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TLDR: At Charity Entrepreneurship, in collaboration with Giving What We Can, we have recently launched a new program: Effective Giving Incubation. In this post, we present our scoping report that explains the reasoning behind creating more Effective Giving Initiatives (EGIs). Learn why we think this is a promising intervention, which locations are optimal for launching, and for whom this would be an ideal career fit.

Quick reminder:
You can apply to the Effective Giving Incubation program by January 14, 2024. The program will run online from April 15 to June 7, 2024, with 2 weeks in person in London. 
or sign up for the Effective Giving Incubation interactive webinar on January 4, 5 PM Singapore Time/ 6 PM Japan Time/ 3.30 PM India Time/ 10 AM UK Time/ 11 AM Belgium Time.

CE is excited about launching EGIs in Ireland, Belgium, Italy, India, Singapore, South Korea, Japan, United Arab Emirates, Mexico, the US and France. We would appreciate your help in reaching potential applicants who are interested in working in these countries. Connect us via email at: ula@charityentrepreneurship.com

One paragraph summary

In 2024 we are running a special edition of the Charity Entrepreneurship Incubation Program in collaboration with Giving What We Can focused on Effective Giving Initiatives (EGI). EGIs are entities that focus on raising awareness and funneling public and philanthropic donations to the most cost-effective charities worldwide. They will be broadly modeled on existing organizations such as Giving What We Can (GWWC), Effektiv Spenden, and others. We have identified some possible high-priority countries where we believe they will be most successful. Depending on the country and what is most impactful, these initiatives could be fully independent or collaborate with existing projects.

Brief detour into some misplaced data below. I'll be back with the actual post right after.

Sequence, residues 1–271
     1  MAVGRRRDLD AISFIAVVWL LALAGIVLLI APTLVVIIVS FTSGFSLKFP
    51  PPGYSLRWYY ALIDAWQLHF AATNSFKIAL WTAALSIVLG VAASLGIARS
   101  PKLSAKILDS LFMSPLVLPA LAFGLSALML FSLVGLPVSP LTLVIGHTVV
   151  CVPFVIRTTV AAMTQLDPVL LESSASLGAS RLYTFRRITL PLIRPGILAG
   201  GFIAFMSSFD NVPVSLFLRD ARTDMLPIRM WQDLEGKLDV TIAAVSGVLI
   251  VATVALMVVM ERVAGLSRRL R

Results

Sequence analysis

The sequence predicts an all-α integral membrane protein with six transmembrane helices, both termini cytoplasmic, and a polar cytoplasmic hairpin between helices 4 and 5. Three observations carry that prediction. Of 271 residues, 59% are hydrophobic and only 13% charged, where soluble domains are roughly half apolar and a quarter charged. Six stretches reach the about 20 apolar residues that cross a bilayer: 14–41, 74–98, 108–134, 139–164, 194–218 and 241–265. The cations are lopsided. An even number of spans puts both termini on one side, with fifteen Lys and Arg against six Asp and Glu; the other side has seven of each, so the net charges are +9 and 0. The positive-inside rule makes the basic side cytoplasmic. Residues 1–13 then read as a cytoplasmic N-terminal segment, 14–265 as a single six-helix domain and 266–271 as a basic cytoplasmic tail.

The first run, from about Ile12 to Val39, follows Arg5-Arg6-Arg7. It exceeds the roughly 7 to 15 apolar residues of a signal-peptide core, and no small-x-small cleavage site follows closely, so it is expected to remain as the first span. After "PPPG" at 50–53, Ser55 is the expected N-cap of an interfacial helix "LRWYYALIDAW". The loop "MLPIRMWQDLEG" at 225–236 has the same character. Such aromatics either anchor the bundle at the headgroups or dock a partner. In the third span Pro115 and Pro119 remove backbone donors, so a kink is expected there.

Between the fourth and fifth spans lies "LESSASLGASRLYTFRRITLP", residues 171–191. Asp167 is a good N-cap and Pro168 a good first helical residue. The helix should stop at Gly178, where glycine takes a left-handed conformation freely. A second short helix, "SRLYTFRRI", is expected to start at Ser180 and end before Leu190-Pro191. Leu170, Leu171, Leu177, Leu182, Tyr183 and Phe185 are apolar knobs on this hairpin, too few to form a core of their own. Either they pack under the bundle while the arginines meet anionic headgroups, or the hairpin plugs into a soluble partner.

Disclaimer: It is important to note that EGIs, including those we intend to incubate, are independent from CE and make their own educated choices of which charities to promote and where to donate funds. CE does not require or encourage any specific recommended charities (such as our prior incubated charities) to be supported by EGIs. 

Background to this research

Charity Entrepreneurship's (CE) mission is to cause more effective non-profit organizations to exist worldwide. To accomplish this mission, we connect talented individuals with high-impact intervention opportunities and provide them with training, colleagues, funding opportunities, and ongoing operational support.

For this scoping report, CE collaborated with Giving What We Can (GWWC) to better understand the opportunities Effective Giving Initiatives (EGIs) present as a high-impact intervention, what contributes to the success of such organizations, and where they might be best founded. GWWC was one of the first organizations to champion giving to high-impact nonprofits, has an extensive global network of people interested in effective giving, and more than a decade of experience operating an organization focused on promoting effective charities. EGIs are organizations or projects that aim to promote, typically in a specific target country, the idea of donating to cost-effective charities. They mostly engage in a mix of educational and fundraising activities, with the explicit aim of trying to move money to the most cost-effective interventions that aim to tackle the world’s most pressing problems.